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Scientists in the fields of geology, climatology, anthropology, and archaeology can answer many questions about the past through a technique called radiocarbon, or carbon-14, dating.
One key to understanding how and why something happened is to pinpoint when it happened.
When a volcano erupts, hot, molten rock (called “lava”) from deep inside the Earth is released. Elements are the “building-blocks” of the universe (for example, water is made from the elements hydrogen and oxygen).
Some elements (we’ll call them “A”) in the lava are radioactive, which means that they change into other elements (we’ll call these “B”).
Imagine going for a hike in the mountains and finding a 5,000-year-old body frozen in a block of ice!
In 1991, this adventure actually happened to a couple that was walking in the mountains of Europe.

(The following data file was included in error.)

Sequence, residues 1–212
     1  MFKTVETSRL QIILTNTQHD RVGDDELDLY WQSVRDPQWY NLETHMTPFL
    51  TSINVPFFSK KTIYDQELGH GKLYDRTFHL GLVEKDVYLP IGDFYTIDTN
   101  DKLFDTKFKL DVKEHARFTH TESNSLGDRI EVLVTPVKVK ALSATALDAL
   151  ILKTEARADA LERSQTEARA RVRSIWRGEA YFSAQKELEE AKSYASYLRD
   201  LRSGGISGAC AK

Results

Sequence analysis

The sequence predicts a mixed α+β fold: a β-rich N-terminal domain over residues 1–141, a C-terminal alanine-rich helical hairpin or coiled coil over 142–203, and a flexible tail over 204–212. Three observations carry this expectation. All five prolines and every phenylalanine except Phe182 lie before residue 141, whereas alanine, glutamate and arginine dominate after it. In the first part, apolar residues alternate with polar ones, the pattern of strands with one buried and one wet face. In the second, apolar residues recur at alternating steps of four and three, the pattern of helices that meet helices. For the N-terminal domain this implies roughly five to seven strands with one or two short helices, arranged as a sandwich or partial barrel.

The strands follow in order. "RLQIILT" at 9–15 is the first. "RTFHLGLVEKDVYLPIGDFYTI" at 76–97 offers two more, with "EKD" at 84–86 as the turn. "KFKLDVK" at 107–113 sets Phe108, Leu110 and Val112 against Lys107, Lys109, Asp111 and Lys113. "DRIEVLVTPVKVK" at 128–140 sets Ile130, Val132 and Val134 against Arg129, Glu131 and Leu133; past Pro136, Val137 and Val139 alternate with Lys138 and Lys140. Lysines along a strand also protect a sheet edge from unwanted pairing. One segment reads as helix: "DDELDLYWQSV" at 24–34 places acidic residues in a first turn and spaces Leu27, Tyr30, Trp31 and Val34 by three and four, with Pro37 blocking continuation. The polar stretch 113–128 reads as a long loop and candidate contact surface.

In fact, most fossils do not even contain radioactive minerals.
So if scientists wanted to measure the age of a fossil using this method, they would look for a nearby layer of igneous rock (e.g.
Of course, the best method is to check the account of a reliable eyewitness, if one is available. Since it is the written Word of God, we can trust it to tell us the truth about the past.
Have you ever wondered how the scientists knew the age of the bone?
After all, the scientists haven’t been around that long, have they?
So something that lived (and died) when the proportion of C was less than normal would appear to have died more years ago than it actually did (for example, it might give an age of 3,000 years before the present, rather than its true age of 2,000 years).
Even many archaeologists don’t think “carbon dating” is completely accurate all the time.
One of these methods is based on a substance found in our bodies, plants and all living things—it’s called carbon. This makes the plant appear to have died many more years ago than it actually did (for example, the plant might appear to be, say, 3,000 years old, rather than 2,000).